Mihkel Kärmas

Investigative ETV show “Pealtnägija” reported on Wednesday about a curious case of significant quantities of money stolen from a central bank in Libya finding their way to Estonia. The saga brings new meaning to the term “money laundering

Seven years ago, hundreds of millions worth of currency was stolen from the Central Bank of Libya, some of which ended up being laundered via Estonia. Authorities for a long time had to look on helplessly, and only now have they been able to intervene, “Pealtnägija” reported. In 2010, the Libyan state, still presided over by Gaddafi, had ordered €150 million from the German Bundesbank, in €100 and €200 denominations.

Rait Roosve, head of the cash and infrastructure department at the Bank of Estonia (Eesti Pank), told “Peatltnägija” that in and of itself, there is essentially nothing unusual about this. Roosve said: “€150 million may seem an astronomical sum to we mere mortals, but when we consider any state – say, the Republic of Estonia – it is actually a very marginal sum in terms of nationwide cash circulation.”

Middle East expert Peeter Raudsik meanwhile said: “Libya was a very prosperous country back in 2010.” “Highly respected among its Arab peers, in 2010 it even hosted the Arab League summit. Various Arab leaders were all present in Libya, with Gaddafi at the center of things, as summit host. Ordinary people there were living completely normal lives, one might say, at least if we exclude the fact that they had no freedom of speech or political expression.”

Then came 2011 and the so-called Arab Spring, sparked by unrest in Tunisia and spreading like wildfire across the region. A civil war broke out in Libya among other places, bringing a degrading end to Gaddafi’s 42-year grip over that country, when the 69-year-old’s corpse was literally dragged through the streets. How direct and indirect foreign intervention influenced the situation is a topic unto itself, but by 2017 this oil-rich country of seven million was essentially separated into two halves, with one clan ruling the western, half, centered in the capital, Tripoli, and another group in the east, based in the port city of Benghazi.

If the subsequent UN experts’ report is to be believed at least, then at the end of 2017, a key warlord from one faction broke into the vaults of the Central Bank’s branch in Benghazi.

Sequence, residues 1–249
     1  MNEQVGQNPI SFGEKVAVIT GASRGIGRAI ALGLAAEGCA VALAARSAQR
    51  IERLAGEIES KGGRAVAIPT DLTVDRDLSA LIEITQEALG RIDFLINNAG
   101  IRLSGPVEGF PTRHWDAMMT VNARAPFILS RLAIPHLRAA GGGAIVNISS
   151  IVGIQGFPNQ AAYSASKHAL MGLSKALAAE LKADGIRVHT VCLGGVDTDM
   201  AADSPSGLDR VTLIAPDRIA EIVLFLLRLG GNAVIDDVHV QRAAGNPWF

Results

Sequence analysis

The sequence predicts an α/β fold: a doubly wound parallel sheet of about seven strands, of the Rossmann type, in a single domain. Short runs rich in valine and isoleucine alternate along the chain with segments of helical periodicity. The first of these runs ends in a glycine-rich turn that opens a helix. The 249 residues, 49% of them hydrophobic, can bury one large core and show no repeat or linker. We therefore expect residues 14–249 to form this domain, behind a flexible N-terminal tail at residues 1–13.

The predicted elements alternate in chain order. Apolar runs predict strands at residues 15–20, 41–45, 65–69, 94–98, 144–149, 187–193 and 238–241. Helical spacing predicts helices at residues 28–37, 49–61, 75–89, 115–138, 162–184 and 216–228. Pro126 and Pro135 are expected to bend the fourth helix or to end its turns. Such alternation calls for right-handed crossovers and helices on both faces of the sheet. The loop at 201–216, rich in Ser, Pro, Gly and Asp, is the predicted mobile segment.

Raudsik explained: “In one episode, it is described how Khalifa Haftar, who was the new military leader of eastern Libya and in some ways Gaddafi’s ideological successor, /…/ wages this war against western Libya, but then comes the incident where his son, Saddam Khalifa Haftar, goes and takes all those millions in dinars, euros, and dollars from the Libyan Central Bank’s Benghazi branch, in the country’s east.

According to that very same UN report, gunmen threatened bank employees before getting away with over 639 million Libyan dinars, over €159 million, US$1.9 million, plus 5,869 silver coins, all of which together totaled nearly €500 million at the time. “The UN Panel of Experts, which actually deals with Libya on a monthly basis and makes reports to the UN Security Council – I’ve listened to these reports in New York myself – provided a detailed account of this particular episode. /…/ Certainly, Haftar’s son had no right to take that money, so it definitely constituted theft,” Raudsik went on.

What makes the saga even more compelling is that, somehow, either before the heist or during it, about half of the paper bills got damaged, but in a very odd way. Matis Mäeker, head of the anti-money laundering bureau, said: “It’s likely that they were damaged there at the branch, at the Benghazi branch, when the water had flooded the safes.” Roosve took up the story: “However, this definitely wasn’t tap water or drinking water, but it wasn’t rainwater either, that much is clear. It was biologically contaminated water, for sure.”